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Influenza is constantly changing, therefore, making it unpredictable. This means the timing, severity, and the length of flu season can vary. For the 2019-2020 season, influenza has been higher than normal, as the US has seen an estimated 1.7 million cases of the flu, 16,0000 flu-related hospitalizations, and 910 flu-related deaths, according to the Centers for Disease Control and Prevention (CDC). A new flu vaccine is created each year to try to fight the ever-changing virus; however, it’s hard to tell how well a vaccine is working when it’s early in flu season. Here is how long the flu lasts.
So what happens if you get vaccinated and still get the flu?
In late 2018, the U.S. Food & Drug Administration approved a new antiviral drug called baloxavir marboxil (Xofluza) to treat the flu after you get sick. It became the first new FDA-approved antiviral flu drug with a novel mechanism of action in almost 20 years. In October 2019, the FDA expanded the drug’s indication for the treatment of influenza to individuals who are at increased risk for developing flu-related complications, which includes adults 65 years of age or older, and those with asthma, chronic lung disease, diabetes, heart disease, or morbid obesity.
The FDA has approved a total of four drugs for fighting flu—baloxavir; oseltamavir (Tamiflu), which also is sold as a generic drug; zanamivir (Relenza); and peramivir (Rapivab).
How much different is baloxavir from oseltamivir (Tamiflu), the original flu-fighting drug?
Unlike oseltamivir, which inhibits influenza by blocking a viral enzyme called neuraminidase, baloxavir inhibits a “subunit of the viral polymerase, the enzyme responsible for influenza virus replication,” according to Harvard Medical School. Simply put: Baloxavir inhibits the virus’s ability to multiply, while oseltamivir and other drugs inhibit the virus’s ability to spread within the body.
Waleed Javaid, MD, director of infection prevention and control at Mount Sinai in New York says “both decrease duration of illness by approximately one day.” However, “baloxavir is taken once daily versus twice daily for oseltamivir; and baloxavir decreases viral load on day one more than oseltamivir. But the clinical implications of this are not clear at this time,” adds Dr. Javaid, referring to a study published in 2018 in The New England Journal of Medicine showing that baloxavir effectively alleviates flu symptoms in people with uncomplicated flu.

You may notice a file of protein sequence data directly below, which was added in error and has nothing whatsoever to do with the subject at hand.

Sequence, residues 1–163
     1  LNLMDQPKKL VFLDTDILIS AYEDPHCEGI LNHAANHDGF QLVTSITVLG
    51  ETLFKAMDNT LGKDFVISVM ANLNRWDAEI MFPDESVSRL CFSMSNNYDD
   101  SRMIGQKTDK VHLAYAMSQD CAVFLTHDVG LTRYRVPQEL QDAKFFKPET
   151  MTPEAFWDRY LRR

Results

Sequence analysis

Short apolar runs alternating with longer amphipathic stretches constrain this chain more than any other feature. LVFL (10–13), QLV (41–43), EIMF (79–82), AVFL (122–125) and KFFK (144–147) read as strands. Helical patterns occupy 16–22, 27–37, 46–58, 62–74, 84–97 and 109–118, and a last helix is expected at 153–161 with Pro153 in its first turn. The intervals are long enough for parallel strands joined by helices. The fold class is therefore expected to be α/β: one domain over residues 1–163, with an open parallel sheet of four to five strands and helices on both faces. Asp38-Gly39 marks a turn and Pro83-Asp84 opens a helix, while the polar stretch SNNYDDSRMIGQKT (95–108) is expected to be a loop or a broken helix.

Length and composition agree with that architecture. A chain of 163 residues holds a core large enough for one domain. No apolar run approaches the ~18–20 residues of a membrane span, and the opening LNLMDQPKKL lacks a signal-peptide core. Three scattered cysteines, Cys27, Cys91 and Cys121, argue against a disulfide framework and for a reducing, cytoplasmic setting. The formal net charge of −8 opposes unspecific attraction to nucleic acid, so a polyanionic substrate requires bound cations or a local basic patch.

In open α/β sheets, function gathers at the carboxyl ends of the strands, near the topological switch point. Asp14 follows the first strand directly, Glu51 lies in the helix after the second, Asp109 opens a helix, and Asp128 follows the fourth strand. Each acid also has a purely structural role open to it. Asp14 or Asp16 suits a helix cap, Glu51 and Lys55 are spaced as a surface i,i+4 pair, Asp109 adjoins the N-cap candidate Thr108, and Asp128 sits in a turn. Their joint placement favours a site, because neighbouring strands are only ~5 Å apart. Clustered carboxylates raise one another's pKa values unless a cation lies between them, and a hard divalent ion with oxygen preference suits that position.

Currently, baloxavir is being further studied in several clinical trials that include children under the age of one, and severely ill, hospitalized patients, and it’s also being studied to measure its potential to reduce flu transmission from an infected individual to healthy individuals. The main advantage of baloxavir is that it’s effective as a single oral dose compared to oseltamivir, which needs to be taken twice daily for five days. Yet, oseltamivir is generically available, and could potentially be less expensive than baloxavir.
The drug is available for people age 12 and older who get diagnosed with the flu within 48 hours of experiencing symptoms. While the side effects are minimal, they do include diarrhea and bronchitis. “Baloxavir works by blocking a step where the influenza virus can replicate and multiply,” which is why it’s important to start the drug soon after infection, says Tina Ardon, MD, a family physician at Mayo Clinic in Jacksonville, Florida. “What this means clinically is that the patient has a shorter duration of symptoms and may be less likely to pass the infection to [others].” Here are 11 things doctors do to treat the flu.